Sunday, January 09, 2005

San Antonio proving to be hot market for apartment investment

By Tricia Lynn Silva

It is shaping up to be another banner year here in terms of investment in multifamily apartment projects.

As of Sept. 30, 2004, 51 multifamily communities in the greater San Antonio area had changed hands, according to Austin-based research firm Austin Investor Interests.

Many of those investors are coming from well beyond the Lone Star State. They hail from cities like Denver and New York and states like California, Arizona, Wisconsin and Florida, notes Will Balthrope, who is the senior director of the Cushman & Wakefield Texas Multi-Housing Group.

"Most of the capital is from other regions investing into San Antonio," says Balthrope, whose group has already sold 19 apartment properties here -- for a total value of $255 million. "They are bypassing Dallas, Houston and Austin."

About 70 percent of the 35 multifamily property transactions that Phoenix-based Hendricks & Partners brokered here over the course of 2004 involved California investors, according to Scott Weems of the firm's San Antonio office.

"The thinking is that if there is a real estate bubble, it's going to burst (in California) first," says Weems. Driven out of California by inflated prices for multifamily properties there, investors are coming to San Antonio, where the prices are cheaper and the capitalization rates are higher.

"The same property that an investor will pay $75,000 per unit for in San Antonio would cost them $90,000 per unit in other markets," Balthrope explains.

Investors, Balthrope adds, continue to prefer "the slow and steady rent and occupancy growth trend that has always been San Antonio's edge over the more mercurial larger Texas markets."

At the end of the third quarter of 2004, the city's average apartment occupancy rate stood at 92 percent, according to Austin Investor Interests. Indeed, since 2000, the occupancy rate in the local apartment market has averaged just over 90 percent, according to an October report by Encino, Calif.-based Marcus & Millichap.

Driving factors

But the consistency of the local multifamily market is not the only draw for investors, the Marcus & Millichap report notes. After shedding some 3,700 jobs here overall in 2003, local companies are now on track to hire a total of 16,000 employees by the end of 2004.

Also spurring interest in San Antonio is the planned Toyota Motor Manufacturing Texas Inc. plant, which is scheduled to open in South San Antonio in 2006. Toyota's interest in San Antonio has helped to put the Alamo City on the national radar screen.

Says Balthrope: "Toyota is showing that San Antonio is a growing job center."

The hot investment multifamily areas continue to be those same submarkets that are already attracting the new real estate developments. North Central and Northwest San Antonio remain high-demand areas, says Balthrope, who adds that the South Texas Medical Center on the Northwest Side is one of the core investment areas.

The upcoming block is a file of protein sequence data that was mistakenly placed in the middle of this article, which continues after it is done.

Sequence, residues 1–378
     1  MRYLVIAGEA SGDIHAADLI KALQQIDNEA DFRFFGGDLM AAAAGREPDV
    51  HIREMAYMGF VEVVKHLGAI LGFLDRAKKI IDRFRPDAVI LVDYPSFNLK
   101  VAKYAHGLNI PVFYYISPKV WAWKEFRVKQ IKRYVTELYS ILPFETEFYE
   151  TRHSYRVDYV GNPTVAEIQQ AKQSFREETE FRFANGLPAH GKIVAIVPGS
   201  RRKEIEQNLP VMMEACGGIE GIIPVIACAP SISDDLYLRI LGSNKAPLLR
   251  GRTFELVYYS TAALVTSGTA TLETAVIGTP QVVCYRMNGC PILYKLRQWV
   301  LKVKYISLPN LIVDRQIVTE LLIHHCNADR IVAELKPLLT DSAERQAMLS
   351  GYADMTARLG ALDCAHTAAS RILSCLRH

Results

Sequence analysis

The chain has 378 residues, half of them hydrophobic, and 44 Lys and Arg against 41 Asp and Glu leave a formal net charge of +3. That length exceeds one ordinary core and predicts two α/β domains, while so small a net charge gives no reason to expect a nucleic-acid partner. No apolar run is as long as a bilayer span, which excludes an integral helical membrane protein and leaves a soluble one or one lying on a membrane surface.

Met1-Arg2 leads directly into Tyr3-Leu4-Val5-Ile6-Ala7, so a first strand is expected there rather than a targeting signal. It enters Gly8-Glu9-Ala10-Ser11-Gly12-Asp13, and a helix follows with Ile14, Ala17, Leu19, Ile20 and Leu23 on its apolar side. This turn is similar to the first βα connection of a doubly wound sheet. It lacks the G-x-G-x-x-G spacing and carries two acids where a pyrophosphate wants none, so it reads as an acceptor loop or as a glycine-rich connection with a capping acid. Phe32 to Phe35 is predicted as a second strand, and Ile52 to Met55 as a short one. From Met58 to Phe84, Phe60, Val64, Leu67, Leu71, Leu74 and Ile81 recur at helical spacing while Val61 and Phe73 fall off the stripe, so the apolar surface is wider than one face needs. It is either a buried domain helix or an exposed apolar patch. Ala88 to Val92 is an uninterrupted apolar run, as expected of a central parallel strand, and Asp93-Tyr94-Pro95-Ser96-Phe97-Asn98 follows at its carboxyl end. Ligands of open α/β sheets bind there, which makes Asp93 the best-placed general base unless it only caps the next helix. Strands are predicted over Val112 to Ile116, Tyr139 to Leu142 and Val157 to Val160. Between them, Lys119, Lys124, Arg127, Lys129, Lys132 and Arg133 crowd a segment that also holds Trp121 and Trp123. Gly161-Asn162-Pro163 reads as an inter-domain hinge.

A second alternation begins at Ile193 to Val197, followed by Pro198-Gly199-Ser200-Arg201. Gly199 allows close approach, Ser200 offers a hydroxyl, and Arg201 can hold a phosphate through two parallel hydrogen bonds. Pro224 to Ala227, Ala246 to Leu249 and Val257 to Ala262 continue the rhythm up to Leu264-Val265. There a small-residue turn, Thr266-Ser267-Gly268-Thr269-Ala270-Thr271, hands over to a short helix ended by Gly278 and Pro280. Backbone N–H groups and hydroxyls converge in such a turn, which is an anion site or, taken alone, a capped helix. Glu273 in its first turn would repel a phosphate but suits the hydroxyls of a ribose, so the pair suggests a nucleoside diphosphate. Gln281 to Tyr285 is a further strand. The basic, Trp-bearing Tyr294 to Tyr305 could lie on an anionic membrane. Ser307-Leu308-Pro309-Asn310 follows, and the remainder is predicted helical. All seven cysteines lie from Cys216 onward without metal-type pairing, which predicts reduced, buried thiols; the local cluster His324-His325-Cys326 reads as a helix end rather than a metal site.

Besides the Medical Center area, buyers have also begun looking due West, says Balthrope, to the area known as the Westplex -- which is bordered by Loop 1604, Culebra Road, Loop 410 and Marbach Road. This Westplex area includes the master-planned community of Westover Hills -- a neighborhood that continues to be a beacon attracting many large employers.

More is less

But for all of the interest that investors have shown in San Antonio, is there a chance that the good times could end?

To date, there are more than 6,500 multifamily units under construction in the San Antonio area, Austin Investor notes. Another 2,800 units have been submitted for permitting; an additional 4,000 units have been proposed.

Of these 6,800 units in the planning or permitting stages, close to 5,000 of those will come on-line by the end of 2005, Austin Investor estimates.

"There is a bit of a bubble going on," says Weems.

"There will be some softness as many new properties being constructed are delivered to the market," says Balthrope, who adds that despite the influx of new product, San Antonio has consistently been more conservative in terms of new construction than other markets.

While San Antonio will be delivering more multifamily units over the course of 2005 and 2006, the city has also enjoyed steady demand for the new product, Balthrope continues. Something else to keep in mind: About half of the new units currently under construction are targeted to lower-income families -- including affordable-housing and tax-credit projects.

"If history is any indication," Balthrope says, "there will be a short period of softness, followed by continued steady growth in occupancy and rents."

And more multifamily units means more opportunities for new investors.

Adds Balthrope: "We are looking forward to the new projects coming on-line; it gives us a new class of projects to sell."

"San Antonio is still a good story," adds Weems. "There is a lot of money, a lot of interest in the market."

"It may not be as sexy of a market as Dallas or Austin -- if you catch those markets right," says Balthrope about investing in the very steady Alamo City. "But it makes it a lot easier to sleep at night."